by Pimlico Press Release
May 21, 2018
BALTIMORE – Kentucky Derby (G1) winner Justify survived a protracted duel with Good Magic and held on to capture the 143rd Preakness Stakes (G1) with a half-length victory over late-charging Bravazo Saturday at Pimlico Race Course.
Justify’s victory in the Middle Jewel of the Triple Crown placed an emphatic exclamation point on an exciting day of World Class racing and entertainment. A 14-race program that offered eight stakes with purse money exceeding $2.5 million was complemented by Preakness InfieldFest 2018, headlined by multi-platinum recording artist Post Malone. The high-energy music festival also hosted ODESZA and 21 Savage, as well as DJ sets by Vice and Frank Walker.
Despite gray skies, rain and fog, a crowd of 134,487 ventured to Pimlico to take part in the festivities and watch Justify put trainer Bob Baffert into the Preakness record books. In addition to staying alive in a quest to sweep the Triple Crown in the Belmont Stakes (G1) June 9, Justify propelled his Hall of Fame trainer into a tie for most Preakness victories with 19th century trainer Robert Wyndham Walden, who saddled seven Preakness winners between 1875 and 1888. Baffert also equaled the record of 14 victories in the Triple Crown series held by Hall of Fame trainer D. Wayne Lukas, who came within a half-length of winning his 15th when Bravazo’s late drive fell short.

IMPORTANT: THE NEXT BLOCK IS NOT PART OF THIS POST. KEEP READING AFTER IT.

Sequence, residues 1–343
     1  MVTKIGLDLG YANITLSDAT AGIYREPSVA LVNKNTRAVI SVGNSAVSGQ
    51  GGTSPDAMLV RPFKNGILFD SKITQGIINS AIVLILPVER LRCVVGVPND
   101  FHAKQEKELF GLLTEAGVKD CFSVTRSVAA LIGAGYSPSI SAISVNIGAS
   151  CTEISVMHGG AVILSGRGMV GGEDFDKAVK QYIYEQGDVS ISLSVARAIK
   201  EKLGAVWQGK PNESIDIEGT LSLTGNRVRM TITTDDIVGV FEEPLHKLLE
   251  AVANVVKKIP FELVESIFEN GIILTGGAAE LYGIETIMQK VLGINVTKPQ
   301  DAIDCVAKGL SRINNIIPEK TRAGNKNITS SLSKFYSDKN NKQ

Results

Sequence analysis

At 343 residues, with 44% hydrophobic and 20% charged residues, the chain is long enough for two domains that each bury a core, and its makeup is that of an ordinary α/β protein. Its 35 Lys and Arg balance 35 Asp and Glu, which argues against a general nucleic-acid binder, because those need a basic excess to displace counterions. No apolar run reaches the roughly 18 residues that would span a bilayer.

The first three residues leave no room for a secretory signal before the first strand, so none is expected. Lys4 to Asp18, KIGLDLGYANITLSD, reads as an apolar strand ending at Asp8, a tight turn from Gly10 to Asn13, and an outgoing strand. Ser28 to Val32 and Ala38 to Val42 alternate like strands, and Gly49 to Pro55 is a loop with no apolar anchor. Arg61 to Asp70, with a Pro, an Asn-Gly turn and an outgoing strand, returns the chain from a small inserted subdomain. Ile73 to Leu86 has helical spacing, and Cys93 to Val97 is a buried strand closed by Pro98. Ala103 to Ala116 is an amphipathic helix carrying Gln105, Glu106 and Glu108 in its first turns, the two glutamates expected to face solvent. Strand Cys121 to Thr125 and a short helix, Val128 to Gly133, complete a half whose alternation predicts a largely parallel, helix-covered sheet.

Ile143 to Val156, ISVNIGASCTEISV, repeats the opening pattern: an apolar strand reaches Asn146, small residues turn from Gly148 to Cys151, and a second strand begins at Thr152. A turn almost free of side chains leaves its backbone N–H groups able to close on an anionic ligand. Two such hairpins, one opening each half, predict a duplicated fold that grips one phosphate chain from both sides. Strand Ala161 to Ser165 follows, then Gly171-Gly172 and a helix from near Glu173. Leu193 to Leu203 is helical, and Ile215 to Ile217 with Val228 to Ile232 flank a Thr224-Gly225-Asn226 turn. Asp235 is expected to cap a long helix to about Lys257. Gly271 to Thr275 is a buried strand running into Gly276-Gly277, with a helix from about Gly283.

Justify was Baffert’s fifth career Kentucky Derby winner and became his fifth Derby winner to also capture the Preakness. Justify followed in the hoof prints of Silver Charm (1997), Real Quiet (1998), War Emblem (2002) and 2015 Triple Crown champion American Pharoah. Baffert’s two other Preakness victories came in 2001 with Point Given, who was fifth in the Derby, and 2010 with Lookin At Lucky, who finished sixth in the Derby.
Justify, who was sent to post as the 2-5 favorite in a field of eight 3-year-olds, was prevented from setting an uncontested pace as he did in the Derby when Good Magic broke alertly and took the early lead in front of the grandstand. Justify raced alongside Good Magic around the first turn and along the backstretch past fractions of 23.11 seconds, 47.19 seconds and 1:11.42 for the first six furlongs of the 1 3/16-mile classic. The head-to-head battle continued on the far turn and into the stretch, before Justify and jockey Mike Smith emerged from the fog to establish a clear lead in deep stretch. Bravazo, who stalked the pacesetters under jockey Luis Saez, made a late rush at the Derby winner, only to fall a half-length short.